sites, their rich ornamentation and harmonious integration in a striking
landscape, add to their historic and religious interest.
Imperial Palaces of the Ming and Qing Dynasties in Beijing
it has been inscribed as an extension of the Imperial Palace of the Ming and
Qing Dynasties site inscribed in 1987. The property is now to be known as the
Imperial Palaces of the Ming and Qing Dynasties in Beijing and Shenyang. The
Imperial Palace of the Qing Dynasty in Shenyang consists of 114 buildings,
constructed between 1625-26 and 1783. It contains an important library and
testifies to the foundation of the last dynasty that ruled China, before it
expanded its power to the centre of the country and moved the capital to
Beijing. This palace then became auxiliary to the Imperial Palace in Beijing.
This remarkable architectural edifice offers important historical testimony to
the history of the Qing Dynasty and to the cultural traditions of the Manchu and
other tribes in the north of China.
Imperial Tombs of the Ming and Qing Dynasties
the addition of three Imperial Tombs of the Qing Dynasty in Liaoning to the Ming
tombs inscribed in 2000 and 2003. The Three Imperial Tombs of the Qing Dynasty
in Liaoning Province include the Yongling Tomb, the Fuling Tomb, and the
Zhaoling Tomb, all built in the 17th century. Constructed for the founding
emperors of the Qing Dynasty and their ancestors, the tombs follow the precepts
of traditional Chinese geomancy and fengshui theory. They feature rich
decoration of stone statues and carvings and tiles with dragon motifs,
illustrating the development of the funerary architecture of the Qing Dynasty.
The three tomb complexes, and their numerous edifices, combine traditions
inherited from previous dynasties and new features of Manchu civilization.
Longmen Grottoes (2000)
and niches of Longmen contain the largest and most impressive collection of
Chinese art of the late Northern Wei and Tang Dynasties (316-907). These works,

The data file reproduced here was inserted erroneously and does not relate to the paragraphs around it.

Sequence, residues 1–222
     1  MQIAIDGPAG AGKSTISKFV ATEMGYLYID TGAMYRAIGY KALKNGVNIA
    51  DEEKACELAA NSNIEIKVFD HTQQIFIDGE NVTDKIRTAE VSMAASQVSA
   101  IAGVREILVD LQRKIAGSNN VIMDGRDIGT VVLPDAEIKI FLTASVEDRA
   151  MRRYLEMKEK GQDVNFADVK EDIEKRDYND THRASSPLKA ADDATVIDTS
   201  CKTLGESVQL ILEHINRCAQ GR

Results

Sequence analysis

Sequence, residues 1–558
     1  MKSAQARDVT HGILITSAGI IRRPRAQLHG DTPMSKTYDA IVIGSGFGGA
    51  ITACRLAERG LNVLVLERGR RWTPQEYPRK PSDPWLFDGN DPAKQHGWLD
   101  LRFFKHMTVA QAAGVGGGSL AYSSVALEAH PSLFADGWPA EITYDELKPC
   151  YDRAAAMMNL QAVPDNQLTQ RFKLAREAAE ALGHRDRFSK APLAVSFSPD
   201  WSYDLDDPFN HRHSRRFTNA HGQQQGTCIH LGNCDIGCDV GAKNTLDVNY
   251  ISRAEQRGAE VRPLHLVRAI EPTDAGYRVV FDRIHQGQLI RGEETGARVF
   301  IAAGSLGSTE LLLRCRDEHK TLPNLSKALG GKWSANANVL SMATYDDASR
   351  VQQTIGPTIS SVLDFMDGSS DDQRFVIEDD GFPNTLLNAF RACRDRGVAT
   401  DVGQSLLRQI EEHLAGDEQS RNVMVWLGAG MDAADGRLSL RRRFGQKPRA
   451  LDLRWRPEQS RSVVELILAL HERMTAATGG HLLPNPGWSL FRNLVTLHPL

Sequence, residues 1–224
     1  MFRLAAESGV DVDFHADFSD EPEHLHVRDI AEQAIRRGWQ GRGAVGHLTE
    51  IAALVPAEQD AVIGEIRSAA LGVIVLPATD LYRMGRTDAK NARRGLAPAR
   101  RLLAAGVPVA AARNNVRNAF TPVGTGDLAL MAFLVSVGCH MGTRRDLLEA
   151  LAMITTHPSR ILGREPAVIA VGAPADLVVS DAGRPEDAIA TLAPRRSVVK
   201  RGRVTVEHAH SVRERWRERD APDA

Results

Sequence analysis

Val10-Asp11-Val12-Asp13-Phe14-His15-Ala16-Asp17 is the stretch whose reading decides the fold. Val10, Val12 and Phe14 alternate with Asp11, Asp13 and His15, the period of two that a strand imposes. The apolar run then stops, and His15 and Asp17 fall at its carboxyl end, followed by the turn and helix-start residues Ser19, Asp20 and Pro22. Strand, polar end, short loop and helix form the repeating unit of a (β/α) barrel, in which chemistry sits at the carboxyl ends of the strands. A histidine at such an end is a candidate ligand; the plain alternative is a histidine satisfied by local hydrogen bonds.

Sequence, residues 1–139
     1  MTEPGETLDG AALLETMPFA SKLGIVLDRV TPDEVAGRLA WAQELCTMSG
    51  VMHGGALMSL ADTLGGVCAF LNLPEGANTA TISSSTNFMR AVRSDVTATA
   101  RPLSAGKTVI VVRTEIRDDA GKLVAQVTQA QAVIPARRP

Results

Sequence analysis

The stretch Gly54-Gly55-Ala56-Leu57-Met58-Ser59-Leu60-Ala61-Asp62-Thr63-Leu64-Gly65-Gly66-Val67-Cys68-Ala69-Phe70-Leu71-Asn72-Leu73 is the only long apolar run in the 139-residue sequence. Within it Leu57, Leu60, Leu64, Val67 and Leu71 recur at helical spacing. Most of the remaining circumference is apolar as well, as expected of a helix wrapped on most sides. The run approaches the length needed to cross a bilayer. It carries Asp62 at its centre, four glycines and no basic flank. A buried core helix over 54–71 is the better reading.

entirely devoted to the Buddhist religion, represent the high point of Chinese
Lushan National Park (1996)
in Jiangxi, is one of the spiritual centres of Chinese civilization. Buddhist
and Taoist temples, along with landmarks of Confucianism, where the most eminent
masters taught, blend effortlessly into a strikingly beautiful landscape which
has inspired countless artists who developed the aesthetic approach to nature
found in Chinese culture.
Mausoleum of the First Qin Emperor
thousands of statues still remain to be unearthed at this archaeological site,
which was not discovered until 1974. Qin (d. 210 B.C.), the first unifier of
China, is buried, surrounded by the famous terracotta warriors, at the centre of
a complex designed to mirror the urban plan of the capital, Xianyan. The small
figures are all different; with their horses, chariots and weapons, they are
masterpieces of realism and also of great historical interest.
Mogao Caves (1987)
Situated at a
strategic point along the Silk Route, at the crossroads of trade as well as
religious, cultural and intellectual influences, the 492 cells and cave
sanctuaries in Mogao are famous for their statues and wall paintings, spanning
1,000 years of Buddhist art.
Mount Qingcheng and the Dujiangyan Irrigation System
of the Dujiangyan irrigation system began in the 3rd century B.C. This system
still controls the waters of the Minjiang River and distributes it to the
fertile farmland of the Chengdu plains. Mount Qingcheng was the birthplace of
Taoism, which is celebrated in a series of ancient temples.
Mountain Resort and its Outlying Temples, Chengde
Resort (the Qing dynastys summer palace), in Hebei Province, was built between
1703 and 1792. It is a vast complex of palaces and administrative and ceremonial
buildings. Temples of various architectural styles and imperial gardens blend
harmoniously into a landscape of lakes, pastureland and forests. In addition to
its aesthetic interest, the Mountain Resort is a rare historic vestige of the
final development of feudal society in China.
Old Town of Lijiang (1997)
The Old Town
of Lijiang, which is perfectly adapted to the uneven topography of this key
commercial and strategic site, has retained a historic townscape of high quality
and authenticity. Its architecture is noteworthy for the blending of elements
from several cultures that have come together over many centuries. Lijiang also
possesses an ancient water-supply system of great complexity and ingenuity that
still functions effectively today.